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Woman finds 'relief' in death of daughter's killer

Pat Gioia of Schenectady talks about the recent death of Ralph International Thomas, who was convicted in 1986 of murdering her daughter Mary Gioia, and Greg Kniffin in 1985. The two victims were beaten and shot at close range with a high-powered rifle early the morning of Aug. 16, 1985. Their bodies were found later that day in the San Francisco Bay near the Berkeley Marina, which was the site of a homeless encampment set up by the city of Berkeley.
Gioia and Kniffen were followers of the Grateful Dead, and were staying at the encampment, known as Rainbow Village, because a local Grateful Dead concert was expected the following weekend. Pat is seen with a blanket made by a fellow victims rights advocate, of a printed picture of her daughter Mary.
Photographer: Marc Schultz
Pat Gioia of Schenectady talks about the recent death of Ralph International Thomas, who was convicted in 1986 of murdering her daughter Mary Gioia, and Greg Kniffin in 1985. The two victims were beaten and shot at close range with a high-powered rifle early the morning of Aug. 16, 1985. Their bodies were found later that day in the San Francisco Bay near the Berkeley Marina, which was the site of a homeless encampment set up by the city of Berkeley. Gioia and Kniffen were followers of the Grateful Dead, and were staying at the encampment, known as Rainbow Village, because a local Grateful Dead concert was expected the following weekend. Pat is seen with a blanket made by a fellow victims rights advocate, of a printed picture of her daughter Mary.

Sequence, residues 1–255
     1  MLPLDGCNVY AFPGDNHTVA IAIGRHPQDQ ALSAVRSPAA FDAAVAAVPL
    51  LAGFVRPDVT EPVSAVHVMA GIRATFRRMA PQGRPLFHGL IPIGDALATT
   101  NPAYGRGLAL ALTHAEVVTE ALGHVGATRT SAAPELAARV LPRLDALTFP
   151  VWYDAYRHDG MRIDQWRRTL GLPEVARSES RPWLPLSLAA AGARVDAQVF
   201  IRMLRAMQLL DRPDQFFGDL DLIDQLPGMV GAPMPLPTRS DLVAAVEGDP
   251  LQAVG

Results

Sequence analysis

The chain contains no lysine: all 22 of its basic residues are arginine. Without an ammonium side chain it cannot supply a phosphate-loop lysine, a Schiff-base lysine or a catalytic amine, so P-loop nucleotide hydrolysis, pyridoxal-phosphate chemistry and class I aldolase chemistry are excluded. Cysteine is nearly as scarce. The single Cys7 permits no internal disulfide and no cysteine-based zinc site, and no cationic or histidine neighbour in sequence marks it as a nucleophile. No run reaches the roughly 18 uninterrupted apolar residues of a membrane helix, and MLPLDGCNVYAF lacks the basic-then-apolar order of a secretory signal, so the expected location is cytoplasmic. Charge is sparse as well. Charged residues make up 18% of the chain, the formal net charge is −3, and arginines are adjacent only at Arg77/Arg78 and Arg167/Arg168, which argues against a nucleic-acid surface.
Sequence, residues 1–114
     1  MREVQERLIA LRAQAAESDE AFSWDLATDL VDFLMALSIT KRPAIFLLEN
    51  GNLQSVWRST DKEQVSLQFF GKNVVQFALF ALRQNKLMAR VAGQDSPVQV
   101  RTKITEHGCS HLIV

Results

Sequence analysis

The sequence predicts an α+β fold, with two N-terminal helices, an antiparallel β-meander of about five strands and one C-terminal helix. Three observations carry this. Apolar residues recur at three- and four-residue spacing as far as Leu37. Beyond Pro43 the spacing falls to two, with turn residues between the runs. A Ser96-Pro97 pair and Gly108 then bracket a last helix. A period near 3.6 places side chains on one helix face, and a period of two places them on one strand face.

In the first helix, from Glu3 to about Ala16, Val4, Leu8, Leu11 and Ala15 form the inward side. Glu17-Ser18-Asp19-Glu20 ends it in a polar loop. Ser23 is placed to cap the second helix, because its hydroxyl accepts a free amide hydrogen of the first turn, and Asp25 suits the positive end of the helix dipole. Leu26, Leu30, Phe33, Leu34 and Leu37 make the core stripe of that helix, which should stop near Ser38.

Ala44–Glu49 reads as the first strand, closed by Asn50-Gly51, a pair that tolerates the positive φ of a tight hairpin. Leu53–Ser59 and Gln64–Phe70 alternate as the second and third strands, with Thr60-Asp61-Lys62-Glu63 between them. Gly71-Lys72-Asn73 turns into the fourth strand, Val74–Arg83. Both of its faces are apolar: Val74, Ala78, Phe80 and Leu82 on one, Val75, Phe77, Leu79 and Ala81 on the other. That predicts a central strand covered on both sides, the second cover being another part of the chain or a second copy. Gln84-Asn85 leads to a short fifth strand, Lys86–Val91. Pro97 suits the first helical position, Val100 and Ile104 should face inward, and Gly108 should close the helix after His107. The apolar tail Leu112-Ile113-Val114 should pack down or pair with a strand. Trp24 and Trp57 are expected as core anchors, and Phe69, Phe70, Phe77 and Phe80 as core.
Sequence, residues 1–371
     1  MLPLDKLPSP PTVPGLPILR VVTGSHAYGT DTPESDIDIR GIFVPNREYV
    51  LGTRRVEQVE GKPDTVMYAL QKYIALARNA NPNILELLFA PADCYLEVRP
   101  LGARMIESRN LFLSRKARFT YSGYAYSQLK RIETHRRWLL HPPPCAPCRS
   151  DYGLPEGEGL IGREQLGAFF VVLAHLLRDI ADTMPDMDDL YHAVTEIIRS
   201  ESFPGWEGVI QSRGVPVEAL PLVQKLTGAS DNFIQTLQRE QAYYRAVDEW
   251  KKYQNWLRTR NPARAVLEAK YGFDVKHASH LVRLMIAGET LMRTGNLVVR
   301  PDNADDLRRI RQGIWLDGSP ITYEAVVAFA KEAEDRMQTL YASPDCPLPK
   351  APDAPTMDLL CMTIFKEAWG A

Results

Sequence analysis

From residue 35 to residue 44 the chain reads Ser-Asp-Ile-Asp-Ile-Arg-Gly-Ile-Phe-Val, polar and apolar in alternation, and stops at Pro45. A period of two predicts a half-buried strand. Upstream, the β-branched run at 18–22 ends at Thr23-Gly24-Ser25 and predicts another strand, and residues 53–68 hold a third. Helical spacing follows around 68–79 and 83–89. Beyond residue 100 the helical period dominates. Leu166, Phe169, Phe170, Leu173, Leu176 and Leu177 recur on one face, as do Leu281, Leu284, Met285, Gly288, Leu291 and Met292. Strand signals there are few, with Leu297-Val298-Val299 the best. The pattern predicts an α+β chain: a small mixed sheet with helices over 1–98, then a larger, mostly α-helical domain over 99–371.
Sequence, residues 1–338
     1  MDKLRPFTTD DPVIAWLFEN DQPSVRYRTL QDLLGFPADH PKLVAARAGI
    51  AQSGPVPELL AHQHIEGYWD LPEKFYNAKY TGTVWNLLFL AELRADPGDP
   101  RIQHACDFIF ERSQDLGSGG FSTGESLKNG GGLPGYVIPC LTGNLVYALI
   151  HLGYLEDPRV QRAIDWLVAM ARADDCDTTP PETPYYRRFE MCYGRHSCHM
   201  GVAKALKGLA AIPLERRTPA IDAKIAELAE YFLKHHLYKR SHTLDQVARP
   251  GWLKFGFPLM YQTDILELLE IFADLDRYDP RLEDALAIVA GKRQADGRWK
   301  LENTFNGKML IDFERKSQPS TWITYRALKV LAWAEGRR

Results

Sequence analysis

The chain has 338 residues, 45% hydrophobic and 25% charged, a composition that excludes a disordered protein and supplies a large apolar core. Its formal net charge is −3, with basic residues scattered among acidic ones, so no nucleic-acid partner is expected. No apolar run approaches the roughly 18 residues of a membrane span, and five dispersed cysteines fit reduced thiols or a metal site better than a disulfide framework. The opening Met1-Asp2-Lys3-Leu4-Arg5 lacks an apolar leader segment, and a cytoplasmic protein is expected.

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A Schenectady woman who has worked tirelessly to help families of those murdered has now found some relief for herself and her family. Pat Gioia recently learned Ralph International Thomas, the man convicted of killing her daughter, Niskayuna native Mary Regina Gioia, nearly 30 years ago in California, died in prison. Pat Gioia said the news brings “a sense of extreme relief.” “You don’t wish bad on anyone, but this guy, he was not … ...


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